Rakiura brings a sense of wonder to prize-winner
Back in May last year, Maisie Hamilton Murray attended Crazy & Ambitious 3 and won the grand prize of flights and accommodation to Rakiura (Stewart Island) – somewhere she’d never previously set foot . . .
For Maisie, one of the most rewarding parts of her trip was the flight itself. Flying aboard a smaller aircraft afforded her and her partner breath-taking views from the take-off in Waihōpai (Invercargill), to their landing on Rakiura.
“Being at the lower elevation was a cool experience. I’m sitting up in this tiny plane trying to ID the trees,” says Maisie, laughing.
She also credits the nine-passenger Britten Norman Islander with giving her a new perspective on aviation. “Sitting up the front with the pilot, seeing the mechanisms of the plane itself, and understanding how it was being flown – it was really amazing,” she says. Maisie and her partner visited Te Wharawhara (Ulva Island) on their first full day, before going on a three-day hike. Having previously visited Tiritiri Matangi Island, it wasn’t Maisie’s first time seeing tīeke (saddleback) in the wild, but it was a different experience on Te Wharawhara, with the birds abundant and playful, and appearing noticeably fatter: “You step two metres into the bush and you’ve got three tīeke jumping all around you and South Island korimako hanging from the branches”, she says. “It’s very inspirational to see what we can work towards,” says Maisie, who, having completed her Master’s degree, now works in ecological restoration.
Maisie was working on her Master’s project at the University of Auckland when she won the trip to Rakiura at Crazy & Ambitious 3. Her project was titled ‘Effects of the soil-borne pathogen Phytophthora agathidicida on the kauri (Agathis australis) phyllosphere’ and was part of Ngā Rākau Taketake’s Risk Assessment & Ecosystem Impacts research theme.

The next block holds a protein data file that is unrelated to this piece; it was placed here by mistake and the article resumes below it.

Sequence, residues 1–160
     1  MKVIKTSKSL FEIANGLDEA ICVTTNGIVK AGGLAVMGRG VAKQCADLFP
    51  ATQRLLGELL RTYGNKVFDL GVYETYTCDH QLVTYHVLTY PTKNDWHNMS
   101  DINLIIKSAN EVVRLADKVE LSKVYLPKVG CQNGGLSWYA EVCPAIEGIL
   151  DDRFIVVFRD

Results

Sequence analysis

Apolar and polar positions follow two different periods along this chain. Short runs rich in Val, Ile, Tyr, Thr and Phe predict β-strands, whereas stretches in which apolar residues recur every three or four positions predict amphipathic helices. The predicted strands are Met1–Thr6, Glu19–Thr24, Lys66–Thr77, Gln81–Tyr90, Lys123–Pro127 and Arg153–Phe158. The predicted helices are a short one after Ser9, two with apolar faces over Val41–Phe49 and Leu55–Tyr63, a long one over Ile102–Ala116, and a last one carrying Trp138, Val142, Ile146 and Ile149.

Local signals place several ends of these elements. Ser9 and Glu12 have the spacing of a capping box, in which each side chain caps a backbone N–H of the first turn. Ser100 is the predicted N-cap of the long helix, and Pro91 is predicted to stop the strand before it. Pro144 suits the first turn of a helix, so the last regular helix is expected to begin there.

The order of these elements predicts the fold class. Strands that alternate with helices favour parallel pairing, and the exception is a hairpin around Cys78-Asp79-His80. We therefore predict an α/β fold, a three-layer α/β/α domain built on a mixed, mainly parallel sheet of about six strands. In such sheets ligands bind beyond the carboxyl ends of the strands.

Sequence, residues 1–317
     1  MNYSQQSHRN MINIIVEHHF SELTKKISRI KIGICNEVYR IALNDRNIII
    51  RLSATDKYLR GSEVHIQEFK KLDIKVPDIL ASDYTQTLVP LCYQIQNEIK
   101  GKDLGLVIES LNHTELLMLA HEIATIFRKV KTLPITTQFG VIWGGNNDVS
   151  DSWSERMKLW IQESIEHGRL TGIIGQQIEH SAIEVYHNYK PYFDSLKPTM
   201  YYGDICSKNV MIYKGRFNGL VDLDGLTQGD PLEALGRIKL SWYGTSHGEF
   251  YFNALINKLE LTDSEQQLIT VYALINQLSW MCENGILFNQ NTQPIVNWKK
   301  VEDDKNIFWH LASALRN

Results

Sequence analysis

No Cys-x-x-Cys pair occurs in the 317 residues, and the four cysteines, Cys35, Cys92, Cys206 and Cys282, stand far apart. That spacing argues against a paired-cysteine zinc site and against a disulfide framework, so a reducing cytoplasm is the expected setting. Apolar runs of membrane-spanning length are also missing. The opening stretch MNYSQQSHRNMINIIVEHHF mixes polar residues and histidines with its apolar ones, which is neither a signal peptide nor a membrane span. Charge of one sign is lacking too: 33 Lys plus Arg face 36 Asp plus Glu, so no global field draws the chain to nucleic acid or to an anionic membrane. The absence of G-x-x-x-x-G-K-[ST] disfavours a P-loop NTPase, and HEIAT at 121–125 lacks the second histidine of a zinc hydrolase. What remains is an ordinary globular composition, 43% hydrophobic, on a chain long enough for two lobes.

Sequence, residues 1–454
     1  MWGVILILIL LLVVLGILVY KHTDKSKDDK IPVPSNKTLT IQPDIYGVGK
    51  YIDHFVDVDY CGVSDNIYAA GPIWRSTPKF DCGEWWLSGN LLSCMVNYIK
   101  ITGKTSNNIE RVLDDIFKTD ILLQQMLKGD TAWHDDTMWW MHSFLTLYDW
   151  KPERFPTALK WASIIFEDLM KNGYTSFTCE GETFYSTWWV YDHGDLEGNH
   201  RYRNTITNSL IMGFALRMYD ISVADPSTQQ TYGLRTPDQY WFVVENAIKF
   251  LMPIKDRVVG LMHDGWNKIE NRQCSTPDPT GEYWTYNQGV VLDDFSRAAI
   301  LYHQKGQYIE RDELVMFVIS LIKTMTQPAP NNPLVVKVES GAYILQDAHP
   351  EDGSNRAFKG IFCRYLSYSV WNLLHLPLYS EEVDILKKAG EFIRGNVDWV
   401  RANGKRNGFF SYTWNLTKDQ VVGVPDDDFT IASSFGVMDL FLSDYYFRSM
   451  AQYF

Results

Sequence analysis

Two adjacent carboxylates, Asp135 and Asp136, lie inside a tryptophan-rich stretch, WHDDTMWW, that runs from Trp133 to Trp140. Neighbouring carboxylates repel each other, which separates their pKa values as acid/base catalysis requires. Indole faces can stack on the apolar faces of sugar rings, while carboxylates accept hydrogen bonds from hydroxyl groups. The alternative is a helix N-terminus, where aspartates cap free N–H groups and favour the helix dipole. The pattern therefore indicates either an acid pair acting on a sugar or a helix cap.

Today she is the Kauri Protection Campaign Coordinator at Pest Free Kaipātiki, a role that encompasses community education, resourcing and training. Reflecting on what it means to spend recreational time amid nature (in particular, ecologically significant biomes such as Te Wharawhara), Maisie comes back to something she’s touched on throughout our interview: a sense of purpose.
“Being out in the bush is very grounding for me,” says Maisie. “It reminds me of why I do the work I do. It gives me purpose.”
This was Maisie’s first trip to Rakiura and she came away with a kete full of memories: from the warm welcomes extended to her from the people of Rakiura, to the ecological treasures of the island itself.
“It gave me that sense of wonder again,” she says.
“I hadn’t made it to Rakiura before, now I’m like ‘when can I go back’! I would 130% encourage others to make the trip down there. It’s wonderful.”
Listen to Maisie’s presentation on her mahi at the Kaurilands Summit 2023 by clicking here.
Written by Kerry Donovan Brown, all images thanks to Maisie Hamilton Murray